The Origins of Drone Warfare
There is nothing new about uncrewed aircraft.
Drones are controversial weapons. For almost two decades, remotely piloted aircraft have provided the US military and the CIA with the capability to deploy precision strikes globally: killing the ‘bad guys’ while purportedly saving the ‘good’. Yet drones are merely the latest technological incarnation of a long-held ambition in US warfare, one that can be traced back over the last 100 years: the aim to win wars rapidly, but with little cost to US military life. By exploring the history of this ambition and the repeated attempts to make it a reality through investment in advanced weapons technologies, we can begin to understand some of the motivations behind what is now the dominant form of modern warfare.
The first armed drones were deployed by the Bush administration in Afghanistan in 2001. Yet only 57 strikes were undertaken during Bush’s presidency. Drone strikes ‘took off’ when President Obama came to power in 2008. Improvised Explosive Devices (IEDs) had become the terrorist’s weapon of choice between 2008 and 2010, causing 60 per cent of US military fatalities on the ground. Directly after 9/11 there had been broad public support for the wars on terror, yet the mounting death toll affected public opinion and Obama promised to bring US ground wars to an end. Drones were part of this promise. Drone strikes were used first to kill the enemy bomb-makers, but as time went on they became an ‘easier’ way for the US to confront the global threat of terrorism, while reducing the footprint on the ground. An astonishing 542 strikes took place during the president’s eight-year tenure. For Obama, armed drones were perceived to be a panacea, a technical fix for the risks of war. This is a familiar story. Investment in air power, precision and high-tech weapons has long been seen as a ‘cure all’ for the horrors of conflict. Take US reactions to the First World War.
Almost half a century had passed since the American Civil War and, after that bloody conflict, US military experience had come to consist primarily of small ‘policing’ and localised ‘bandit’ interventions, of which Cuba, 1906, Nicaragua, 1909 and Haiti, 1915 are examples. ‘Total wars’ were deemed the product of Old World folly, not that of the New. As the 1823 Monroe Doctrine and the 1904 Roosevelt Corollary highlighted, the expectation was that the US would remain isolated from, and repel the interference of, European affairs. By 1917, however, the US had become embroiled in the First World War and the realities of conflict were pushed to the forefront of American consciousness.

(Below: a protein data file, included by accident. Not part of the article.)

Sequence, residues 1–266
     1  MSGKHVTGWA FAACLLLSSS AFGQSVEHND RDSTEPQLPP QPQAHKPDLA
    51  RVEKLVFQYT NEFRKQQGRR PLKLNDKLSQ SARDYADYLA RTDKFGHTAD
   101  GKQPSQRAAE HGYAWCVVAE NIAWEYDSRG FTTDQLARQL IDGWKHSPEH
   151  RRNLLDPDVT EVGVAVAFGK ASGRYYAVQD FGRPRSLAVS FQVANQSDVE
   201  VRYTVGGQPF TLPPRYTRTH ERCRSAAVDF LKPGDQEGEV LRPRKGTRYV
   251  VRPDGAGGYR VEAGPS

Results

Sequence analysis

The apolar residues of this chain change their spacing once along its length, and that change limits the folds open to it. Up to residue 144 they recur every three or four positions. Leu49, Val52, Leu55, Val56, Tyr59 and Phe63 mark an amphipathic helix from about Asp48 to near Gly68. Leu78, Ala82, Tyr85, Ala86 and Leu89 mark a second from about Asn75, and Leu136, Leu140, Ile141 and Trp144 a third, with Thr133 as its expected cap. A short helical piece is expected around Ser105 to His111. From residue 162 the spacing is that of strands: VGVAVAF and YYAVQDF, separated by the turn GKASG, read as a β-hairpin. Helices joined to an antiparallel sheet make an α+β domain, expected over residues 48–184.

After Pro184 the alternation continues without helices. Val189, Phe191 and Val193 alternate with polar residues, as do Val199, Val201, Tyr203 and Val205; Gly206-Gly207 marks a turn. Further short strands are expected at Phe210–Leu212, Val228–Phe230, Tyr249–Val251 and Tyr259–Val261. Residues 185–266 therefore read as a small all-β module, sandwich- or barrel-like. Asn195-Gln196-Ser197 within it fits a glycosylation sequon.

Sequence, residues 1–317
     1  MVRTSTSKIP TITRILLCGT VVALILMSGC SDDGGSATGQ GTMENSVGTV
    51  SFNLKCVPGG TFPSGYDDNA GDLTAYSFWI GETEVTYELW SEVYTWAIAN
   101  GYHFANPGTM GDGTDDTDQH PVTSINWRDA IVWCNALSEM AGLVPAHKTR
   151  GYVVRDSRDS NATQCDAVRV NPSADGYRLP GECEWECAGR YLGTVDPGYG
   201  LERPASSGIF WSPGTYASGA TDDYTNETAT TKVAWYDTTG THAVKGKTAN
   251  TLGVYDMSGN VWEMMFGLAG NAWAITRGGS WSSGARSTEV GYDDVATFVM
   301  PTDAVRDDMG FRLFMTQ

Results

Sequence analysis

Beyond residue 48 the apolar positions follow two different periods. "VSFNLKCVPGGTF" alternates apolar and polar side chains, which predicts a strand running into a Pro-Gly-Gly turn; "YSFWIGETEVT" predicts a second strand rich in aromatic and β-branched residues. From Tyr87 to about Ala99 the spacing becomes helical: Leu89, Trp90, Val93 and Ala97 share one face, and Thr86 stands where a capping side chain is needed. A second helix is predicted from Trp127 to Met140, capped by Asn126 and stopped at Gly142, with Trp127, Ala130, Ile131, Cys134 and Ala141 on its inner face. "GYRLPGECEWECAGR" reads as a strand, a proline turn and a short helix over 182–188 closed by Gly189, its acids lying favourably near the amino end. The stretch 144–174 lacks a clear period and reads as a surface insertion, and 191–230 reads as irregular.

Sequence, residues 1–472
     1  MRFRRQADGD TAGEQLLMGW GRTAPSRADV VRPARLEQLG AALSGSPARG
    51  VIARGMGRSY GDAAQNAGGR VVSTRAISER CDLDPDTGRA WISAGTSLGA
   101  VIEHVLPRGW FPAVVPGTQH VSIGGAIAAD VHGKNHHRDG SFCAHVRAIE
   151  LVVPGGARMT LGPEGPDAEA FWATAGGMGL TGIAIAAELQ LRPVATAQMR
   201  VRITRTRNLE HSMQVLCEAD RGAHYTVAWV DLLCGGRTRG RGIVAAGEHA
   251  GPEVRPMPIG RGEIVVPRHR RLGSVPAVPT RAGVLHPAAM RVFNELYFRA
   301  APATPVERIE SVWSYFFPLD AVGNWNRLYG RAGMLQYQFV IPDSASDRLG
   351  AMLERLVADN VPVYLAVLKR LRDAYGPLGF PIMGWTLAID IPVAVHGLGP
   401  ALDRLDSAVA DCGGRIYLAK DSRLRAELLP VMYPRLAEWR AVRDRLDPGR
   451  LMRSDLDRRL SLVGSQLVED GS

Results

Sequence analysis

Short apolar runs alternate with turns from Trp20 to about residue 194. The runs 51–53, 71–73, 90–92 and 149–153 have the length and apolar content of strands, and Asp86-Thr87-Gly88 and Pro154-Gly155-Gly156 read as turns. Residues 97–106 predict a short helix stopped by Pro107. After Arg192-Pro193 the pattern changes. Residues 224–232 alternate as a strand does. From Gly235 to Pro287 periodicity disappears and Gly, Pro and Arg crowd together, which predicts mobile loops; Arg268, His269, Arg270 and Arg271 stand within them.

The American public looked on aghast as an entrenched war of attrition unfolded, causing death and injury to 200,000 Americans. Not only this, but mass killings and the indiscriminate bombing of civilians from the air had emerged as a new dimension. This was not the form of warfare that the American people or political and military leaders were used to, nor was it one they wanted to repeat. This led to a transformation in strategy during the initial postwar period. As the defence analyst Alan Vick has explained, the pivotal question became ‘how to avoid a repeat of the slaughter and indecision of the Great War’. It was within this context that early American air power strategists believed they had found an answer.
A solution emerged out of the writings of Colonel Edgar S. Gorrell and became known as ‘precision bombing doctrine’. The aim was to use the holy trinity of air power, precision bombardment and high-tech weapons systems as a means to win wars, but with minimal cost to US military life. Gorrell’s idea was to bomb precisely specific defence industries within the enemy’s cities, such as armaments factories. The main point here, as the historian Mark Clodfelter has explained, was to make ‘the enemy forces impotent’ by destroying elements vital to their military capacity, such as arms, shells and bullets. Thus, when US forces met the enemy in battle they would not be caught in a stalemate, as in the Great War. Instead, US ground forces would be able to move swiftly through the weakened opposition. As air power expert Paula G. Thornhill has argued, to go ‘Over not Through’ the enemy became the motto of US air power strategists. Such notions proved popular and, as a result, it was not long before huge investments in new technologies were made to turn the desire for precision bombing into a reality.
Developed in 1917-18, the uncrewed aerial system known as the ‘Kettering Bug’ was one such weapon. Its creators called it an uncrewed ‘aerial torpedo’. The brainchild of Major Henry H. Arnold, who went on to command the US Army Air Forces in the Second World War, it was designed by Charles Kettering, who Arnold described as the kind of man ‘who did all kinds of impossible things’. Set on rails, the 12ft-long Bug would build up speed and take off by itself. Once in the air, a Sperry gyroscope kept it level and on course, while its elevation was set by an aneroid barometer. Its propeller blades would rotate just enough times to get the weapon above the enemy target. When the propeller had turned the required number of revolutions, the wings would fold in and the Bug would plunge to earth. According to Arnold, the ‘flying bomb was sufficiently accurate to reach a point within a hundred yards of its target after a 40-mile run’.
The historian Dik Daso described the Bug as ‘much like a diving falcon swooping down on its prey’. In reality, its short range limited its strategic use; Arnold’s claims about accuracy were rarely lived up to and it was never used in battle. Yet, the push to find a technological fix to the risks of war continued. The drone is simply the latest manifestation of the search for ‘perfect’ warfare.
James Rogers’ book, Drone Warfare: Concepts and Controversies, co-authored with Caroline Kennedy Pipe, will be published by Manchester University Press in 2019.